DEPARTMENT|EMAIL to hide emails to visitors (e.g.
In order for this to work, it is necessary to put the
[Department] tag in the To field:
3. Get the visitor’s IP
If, for any reason, you wish to obtain the IP of the person who contacts you, insert the
[_remote_ip] tag in the body of the message (for example under the signature).
4. Get the date and time of the submission
Also, it is possible to have the date and time of submission of the email. You will tell me that this corresponds to the date and time of reception of the email and you will be right.
But hey, if you need, you can insert the
[_time ] tags in the body of the message.
5. Get the address of the submission page
If you have integrated your form in a widget or something in your theme, knowing the exact page from which the form was sent can be interesting.
To do so, insert the
[_url] tag in the body of the message (
[_post_url] will return the permalink of the post, so it’s up to you).
In addition, there are two other tricks that I will not detail here because their implementation concerns more advanced users. I don’t really understand why the author has integrated these features in this way but well, that’s the way it is. They are:
Learn all about Google Analytics and how to use it to understand your WordPress site’s statistics, read this article.
Contact Form 7: we take stock
Contact Form 7 is one of the 6 plugins of the official WordPress.org directory with more than 5 million active installations.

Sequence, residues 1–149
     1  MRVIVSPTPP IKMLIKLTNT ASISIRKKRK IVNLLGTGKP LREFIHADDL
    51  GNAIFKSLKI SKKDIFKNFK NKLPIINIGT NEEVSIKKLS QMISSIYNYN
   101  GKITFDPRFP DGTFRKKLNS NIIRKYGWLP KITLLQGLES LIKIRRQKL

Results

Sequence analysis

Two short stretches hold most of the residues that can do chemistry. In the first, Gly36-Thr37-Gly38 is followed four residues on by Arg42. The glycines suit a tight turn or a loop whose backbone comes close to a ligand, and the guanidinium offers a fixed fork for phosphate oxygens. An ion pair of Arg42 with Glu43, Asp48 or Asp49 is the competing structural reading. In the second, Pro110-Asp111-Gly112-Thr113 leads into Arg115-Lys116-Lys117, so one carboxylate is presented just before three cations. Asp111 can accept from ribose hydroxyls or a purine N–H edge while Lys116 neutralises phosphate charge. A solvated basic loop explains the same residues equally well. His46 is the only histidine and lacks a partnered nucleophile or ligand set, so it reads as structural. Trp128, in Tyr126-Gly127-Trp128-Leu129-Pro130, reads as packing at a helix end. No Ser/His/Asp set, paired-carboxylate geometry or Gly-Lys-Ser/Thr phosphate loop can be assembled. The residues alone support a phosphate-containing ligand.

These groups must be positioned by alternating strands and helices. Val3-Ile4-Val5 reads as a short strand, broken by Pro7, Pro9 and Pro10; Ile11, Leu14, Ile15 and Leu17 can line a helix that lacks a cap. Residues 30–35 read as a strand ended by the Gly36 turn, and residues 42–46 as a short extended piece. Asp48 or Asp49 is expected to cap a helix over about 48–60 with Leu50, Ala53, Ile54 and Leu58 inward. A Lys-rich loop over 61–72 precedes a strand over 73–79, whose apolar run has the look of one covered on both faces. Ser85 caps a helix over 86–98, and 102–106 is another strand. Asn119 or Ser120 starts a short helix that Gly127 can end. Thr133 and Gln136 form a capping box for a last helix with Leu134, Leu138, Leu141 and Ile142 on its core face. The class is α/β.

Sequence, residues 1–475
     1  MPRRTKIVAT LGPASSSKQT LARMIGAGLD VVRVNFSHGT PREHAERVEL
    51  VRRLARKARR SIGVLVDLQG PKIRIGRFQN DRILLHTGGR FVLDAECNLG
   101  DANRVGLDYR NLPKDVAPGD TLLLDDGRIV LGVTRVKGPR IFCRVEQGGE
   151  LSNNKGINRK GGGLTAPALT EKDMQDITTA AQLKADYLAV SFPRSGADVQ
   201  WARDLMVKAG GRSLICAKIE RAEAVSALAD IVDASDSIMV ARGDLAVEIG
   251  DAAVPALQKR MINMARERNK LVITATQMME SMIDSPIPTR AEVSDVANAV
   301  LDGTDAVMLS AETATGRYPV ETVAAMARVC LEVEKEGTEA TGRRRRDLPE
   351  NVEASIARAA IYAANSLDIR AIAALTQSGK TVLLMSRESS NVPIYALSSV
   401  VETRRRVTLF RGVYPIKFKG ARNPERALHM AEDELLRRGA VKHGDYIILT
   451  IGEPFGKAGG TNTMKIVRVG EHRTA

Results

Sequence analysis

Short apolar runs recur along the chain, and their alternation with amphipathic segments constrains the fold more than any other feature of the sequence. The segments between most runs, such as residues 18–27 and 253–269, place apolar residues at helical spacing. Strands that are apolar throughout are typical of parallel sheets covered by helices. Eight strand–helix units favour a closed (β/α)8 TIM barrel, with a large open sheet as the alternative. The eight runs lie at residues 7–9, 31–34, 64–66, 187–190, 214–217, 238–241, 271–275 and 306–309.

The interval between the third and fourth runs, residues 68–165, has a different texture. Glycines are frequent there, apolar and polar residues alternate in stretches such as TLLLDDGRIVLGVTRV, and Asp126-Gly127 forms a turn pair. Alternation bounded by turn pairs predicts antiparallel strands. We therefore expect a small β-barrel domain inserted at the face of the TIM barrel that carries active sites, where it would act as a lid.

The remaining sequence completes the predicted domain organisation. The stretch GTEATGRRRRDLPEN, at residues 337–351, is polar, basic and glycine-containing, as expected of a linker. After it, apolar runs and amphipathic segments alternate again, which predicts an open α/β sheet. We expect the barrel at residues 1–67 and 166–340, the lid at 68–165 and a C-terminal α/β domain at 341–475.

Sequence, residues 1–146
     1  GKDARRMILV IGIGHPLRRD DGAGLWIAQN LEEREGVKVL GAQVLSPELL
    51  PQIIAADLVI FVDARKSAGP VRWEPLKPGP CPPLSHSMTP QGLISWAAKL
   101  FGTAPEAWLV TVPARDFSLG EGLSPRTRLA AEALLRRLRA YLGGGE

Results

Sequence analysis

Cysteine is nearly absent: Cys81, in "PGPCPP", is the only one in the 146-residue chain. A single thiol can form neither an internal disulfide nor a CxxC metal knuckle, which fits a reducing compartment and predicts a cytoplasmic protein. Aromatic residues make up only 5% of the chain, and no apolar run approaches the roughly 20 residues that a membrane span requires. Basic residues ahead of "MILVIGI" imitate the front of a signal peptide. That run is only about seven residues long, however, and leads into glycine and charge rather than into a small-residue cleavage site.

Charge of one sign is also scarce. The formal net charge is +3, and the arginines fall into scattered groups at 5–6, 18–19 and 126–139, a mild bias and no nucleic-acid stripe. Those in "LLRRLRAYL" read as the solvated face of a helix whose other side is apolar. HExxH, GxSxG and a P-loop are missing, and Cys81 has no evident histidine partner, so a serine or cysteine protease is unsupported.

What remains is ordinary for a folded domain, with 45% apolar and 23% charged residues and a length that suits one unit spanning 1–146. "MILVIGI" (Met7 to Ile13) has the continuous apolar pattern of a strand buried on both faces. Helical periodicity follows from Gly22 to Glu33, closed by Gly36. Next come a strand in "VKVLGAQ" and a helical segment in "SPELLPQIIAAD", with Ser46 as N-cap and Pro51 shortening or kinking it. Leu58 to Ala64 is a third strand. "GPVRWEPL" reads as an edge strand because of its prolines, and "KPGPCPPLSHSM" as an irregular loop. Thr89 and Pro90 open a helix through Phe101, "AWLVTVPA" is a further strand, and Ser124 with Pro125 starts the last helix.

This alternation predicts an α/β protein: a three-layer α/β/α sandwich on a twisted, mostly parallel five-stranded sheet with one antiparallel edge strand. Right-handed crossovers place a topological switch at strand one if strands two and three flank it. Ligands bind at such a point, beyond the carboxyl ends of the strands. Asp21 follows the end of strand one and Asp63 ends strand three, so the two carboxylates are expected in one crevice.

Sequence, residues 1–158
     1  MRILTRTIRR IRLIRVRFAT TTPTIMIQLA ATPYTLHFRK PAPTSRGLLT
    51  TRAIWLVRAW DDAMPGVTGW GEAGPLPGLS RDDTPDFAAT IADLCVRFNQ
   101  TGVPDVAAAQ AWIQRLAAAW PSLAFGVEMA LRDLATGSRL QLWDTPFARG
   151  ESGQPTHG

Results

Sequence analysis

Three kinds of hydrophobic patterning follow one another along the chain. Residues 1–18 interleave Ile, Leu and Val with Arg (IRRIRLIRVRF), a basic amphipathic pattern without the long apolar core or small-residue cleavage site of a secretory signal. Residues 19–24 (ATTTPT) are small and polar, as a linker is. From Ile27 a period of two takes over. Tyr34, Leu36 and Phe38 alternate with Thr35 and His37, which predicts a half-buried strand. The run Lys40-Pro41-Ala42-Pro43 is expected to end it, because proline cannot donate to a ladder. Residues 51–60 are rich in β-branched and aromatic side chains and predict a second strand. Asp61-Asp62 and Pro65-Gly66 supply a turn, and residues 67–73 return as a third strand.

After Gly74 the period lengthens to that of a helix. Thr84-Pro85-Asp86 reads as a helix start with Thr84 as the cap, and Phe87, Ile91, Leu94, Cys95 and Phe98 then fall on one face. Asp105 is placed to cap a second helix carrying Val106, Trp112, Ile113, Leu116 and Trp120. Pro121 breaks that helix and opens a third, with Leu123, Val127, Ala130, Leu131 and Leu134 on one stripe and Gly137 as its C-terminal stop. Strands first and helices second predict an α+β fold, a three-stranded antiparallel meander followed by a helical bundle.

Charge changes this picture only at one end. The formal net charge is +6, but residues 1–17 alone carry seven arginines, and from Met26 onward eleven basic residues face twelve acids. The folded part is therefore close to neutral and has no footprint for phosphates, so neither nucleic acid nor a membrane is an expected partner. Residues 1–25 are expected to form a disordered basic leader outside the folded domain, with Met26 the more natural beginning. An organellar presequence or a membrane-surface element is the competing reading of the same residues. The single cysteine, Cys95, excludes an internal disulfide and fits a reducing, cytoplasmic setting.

It allows you to create simple forms but it will not always be easy to create complex things with it.
You’ll need some knowledge of HTML to get a correct rendering. If you have a basic knowledge of CSS, you will be able to push the customization thanks to the classes and identifiers that can be added to each element.
If you’re looking for more simplicity, I recommend Gravity Forms.
In particular, it allows you to create forms with simple drag and drop. Which – it must be said – puts Contact Form 7 far behind.
Multiple complementary plugins are available to benefit from more functionalities (such as Slack, Mailchimp or Paypal). There’s plenty to choose from.
From now on, I’ll leave the floor to you. What do you think of Contact Form 7? Which form plugin do you use for your site?
Express yourself by posting a comment below.